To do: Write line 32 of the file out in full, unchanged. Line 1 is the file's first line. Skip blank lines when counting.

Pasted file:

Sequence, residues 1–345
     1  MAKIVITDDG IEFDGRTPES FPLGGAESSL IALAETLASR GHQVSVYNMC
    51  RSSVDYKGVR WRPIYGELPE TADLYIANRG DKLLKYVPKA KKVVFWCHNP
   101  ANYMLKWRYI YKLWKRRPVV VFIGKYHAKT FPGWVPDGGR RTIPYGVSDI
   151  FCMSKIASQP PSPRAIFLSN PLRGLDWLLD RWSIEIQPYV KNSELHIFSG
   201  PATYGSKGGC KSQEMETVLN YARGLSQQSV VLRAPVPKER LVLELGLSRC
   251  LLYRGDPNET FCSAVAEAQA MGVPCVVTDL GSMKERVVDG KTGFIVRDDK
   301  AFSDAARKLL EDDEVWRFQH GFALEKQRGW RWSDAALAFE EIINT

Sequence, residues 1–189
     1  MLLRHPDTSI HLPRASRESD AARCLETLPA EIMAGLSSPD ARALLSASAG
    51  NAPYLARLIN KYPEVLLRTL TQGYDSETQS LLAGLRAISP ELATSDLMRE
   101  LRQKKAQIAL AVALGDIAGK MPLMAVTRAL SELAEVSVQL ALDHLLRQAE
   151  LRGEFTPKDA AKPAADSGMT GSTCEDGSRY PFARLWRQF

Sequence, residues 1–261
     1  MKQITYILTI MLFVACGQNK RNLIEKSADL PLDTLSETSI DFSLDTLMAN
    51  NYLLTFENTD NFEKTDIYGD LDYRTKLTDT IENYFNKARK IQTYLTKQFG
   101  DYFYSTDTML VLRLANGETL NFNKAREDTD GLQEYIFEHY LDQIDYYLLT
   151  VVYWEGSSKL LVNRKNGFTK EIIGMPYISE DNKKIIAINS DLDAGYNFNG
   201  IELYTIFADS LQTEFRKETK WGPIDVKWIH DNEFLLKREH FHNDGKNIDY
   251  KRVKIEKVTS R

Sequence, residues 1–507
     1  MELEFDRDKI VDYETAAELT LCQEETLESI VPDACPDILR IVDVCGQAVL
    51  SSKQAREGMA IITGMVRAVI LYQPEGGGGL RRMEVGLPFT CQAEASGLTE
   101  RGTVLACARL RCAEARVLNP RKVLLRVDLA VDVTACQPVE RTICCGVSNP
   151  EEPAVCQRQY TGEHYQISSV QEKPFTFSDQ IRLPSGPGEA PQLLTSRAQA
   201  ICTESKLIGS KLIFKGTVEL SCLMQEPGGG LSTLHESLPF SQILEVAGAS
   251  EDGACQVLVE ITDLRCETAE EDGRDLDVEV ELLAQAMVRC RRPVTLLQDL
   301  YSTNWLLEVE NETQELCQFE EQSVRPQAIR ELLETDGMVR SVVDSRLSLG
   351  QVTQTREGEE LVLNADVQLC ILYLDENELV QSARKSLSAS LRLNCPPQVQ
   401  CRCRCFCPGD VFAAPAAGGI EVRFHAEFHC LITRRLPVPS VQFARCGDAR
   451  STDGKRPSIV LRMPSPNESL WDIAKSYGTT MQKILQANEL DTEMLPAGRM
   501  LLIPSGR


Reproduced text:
   501  LLIPSGR